Second, Parkinson is enthusiastic about laws that require judges to issue orders that encourage meaningful relationships between both parents and their children post-divorce or separation. He rightly points out that a number of states in the United States have such laws. What he neglects to mention is that those states can demonstrate no increase in parenting time for fathers, no change in standard visitation orders, no improvement in enforcement of those orders and no improvement in child-well-being. In short, judges faced with those statutory requirements seem to be doing what they’ve always done – giving primary custody to Mom and allowing the kids to see their father four nights a month or so. The only effort made at tracking the effects of such a legislative amendment found that it made no change in judge-ordered parenting arrangements save a slight increase in sole-father custody, which was the exact opposite of what the law was designed to do.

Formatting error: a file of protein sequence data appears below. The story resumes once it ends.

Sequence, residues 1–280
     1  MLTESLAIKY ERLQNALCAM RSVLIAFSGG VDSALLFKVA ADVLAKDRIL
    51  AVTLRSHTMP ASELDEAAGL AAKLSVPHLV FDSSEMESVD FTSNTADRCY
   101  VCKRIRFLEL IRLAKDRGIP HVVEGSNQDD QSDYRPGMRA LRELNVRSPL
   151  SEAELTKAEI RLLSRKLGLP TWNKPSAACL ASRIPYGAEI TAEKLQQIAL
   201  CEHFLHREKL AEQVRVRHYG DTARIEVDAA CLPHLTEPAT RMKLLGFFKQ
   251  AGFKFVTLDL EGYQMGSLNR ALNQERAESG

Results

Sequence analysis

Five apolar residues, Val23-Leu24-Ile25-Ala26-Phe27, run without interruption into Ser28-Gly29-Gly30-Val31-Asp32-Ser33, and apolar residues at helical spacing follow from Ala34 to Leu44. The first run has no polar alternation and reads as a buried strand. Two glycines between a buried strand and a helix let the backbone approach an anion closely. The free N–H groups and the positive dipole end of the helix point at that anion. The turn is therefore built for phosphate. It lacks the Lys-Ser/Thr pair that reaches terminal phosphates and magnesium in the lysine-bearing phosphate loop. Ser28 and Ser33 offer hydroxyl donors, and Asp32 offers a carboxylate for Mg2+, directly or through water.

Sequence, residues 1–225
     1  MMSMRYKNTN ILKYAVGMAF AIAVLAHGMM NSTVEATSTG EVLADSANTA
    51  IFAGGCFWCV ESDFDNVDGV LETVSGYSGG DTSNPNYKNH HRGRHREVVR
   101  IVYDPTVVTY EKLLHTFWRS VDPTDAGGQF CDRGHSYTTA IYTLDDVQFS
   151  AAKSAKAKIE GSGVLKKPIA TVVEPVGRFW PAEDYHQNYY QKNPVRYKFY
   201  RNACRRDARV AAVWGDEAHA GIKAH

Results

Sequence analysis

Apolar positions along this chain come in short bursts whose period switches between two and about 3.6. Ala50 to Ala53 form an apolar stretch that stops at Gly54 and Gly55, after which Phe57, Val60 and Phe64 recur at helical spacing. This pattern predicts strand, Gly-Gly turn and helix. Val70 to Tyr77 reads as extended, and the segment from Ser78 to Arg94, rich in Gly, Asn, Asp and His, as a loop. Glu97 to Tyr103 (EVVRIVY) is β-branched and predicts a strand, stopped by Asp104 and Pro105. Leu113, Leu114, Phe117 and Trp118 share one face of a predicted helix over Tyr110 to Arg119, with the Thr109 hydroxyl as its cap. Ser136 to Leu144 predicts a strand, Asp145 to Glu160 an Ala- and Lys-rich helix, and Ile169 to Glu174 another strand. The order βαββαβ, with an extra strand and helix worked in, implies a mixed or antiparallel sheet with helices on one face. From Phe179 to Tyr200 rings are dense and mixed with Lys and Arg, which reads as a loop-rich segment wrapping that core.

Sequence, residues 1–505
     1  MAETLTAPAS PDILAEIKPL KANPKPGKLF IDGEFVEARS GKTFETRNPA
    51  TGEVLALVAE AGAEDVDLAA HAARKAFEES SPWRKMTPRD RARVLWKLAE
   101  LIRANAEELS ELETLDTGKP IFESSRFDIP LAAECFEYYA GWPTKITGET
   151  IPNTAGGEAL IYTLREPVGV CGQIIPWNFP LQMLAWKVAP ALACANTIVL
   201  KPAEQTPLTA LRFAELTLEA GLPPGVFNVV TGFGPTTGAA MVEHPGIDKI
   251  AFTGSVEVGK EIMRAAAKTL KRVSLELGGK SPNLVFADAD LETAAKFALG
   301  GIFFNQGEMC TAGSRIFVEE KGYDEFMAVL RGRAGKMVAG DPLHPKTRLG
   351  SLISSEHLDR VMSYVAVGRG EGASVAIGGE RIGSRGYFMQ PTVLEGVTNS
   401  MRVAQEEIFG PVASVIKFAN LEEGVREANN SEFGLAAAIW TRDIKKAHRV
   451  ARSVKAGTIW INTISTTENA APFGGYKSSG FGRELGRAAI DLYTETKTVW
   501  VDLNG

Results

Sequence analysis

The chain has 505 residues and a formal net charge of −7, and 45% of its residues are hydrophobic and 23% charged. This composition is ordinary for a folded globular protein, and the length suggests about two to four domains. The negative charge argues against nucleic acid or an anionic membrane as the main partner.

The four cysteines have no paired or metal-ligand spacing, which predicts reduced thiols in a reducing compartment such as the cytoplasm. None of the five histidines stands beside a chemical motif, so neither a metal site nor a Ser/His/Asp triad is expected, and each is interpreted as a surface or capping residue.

Parkinson seems a lot more interested in not disturbing the status quo than he is in improving the well-being of children by giving them more time with the fathers. He’s happy to say that “Children have a right to maintain relationships with parents and other family members who are important to them, unless this is detrimental to their well-being,” but he never mentions what that means or how it might be accomplished. As I said in my November piece, a child that sees his/her father one hour a month can certainly be said to “maintain a relationship” with him. The only problem is that it’s a lousy relationship for the sole reason that there’s not enough time to make it a full, real, parent-child relationship.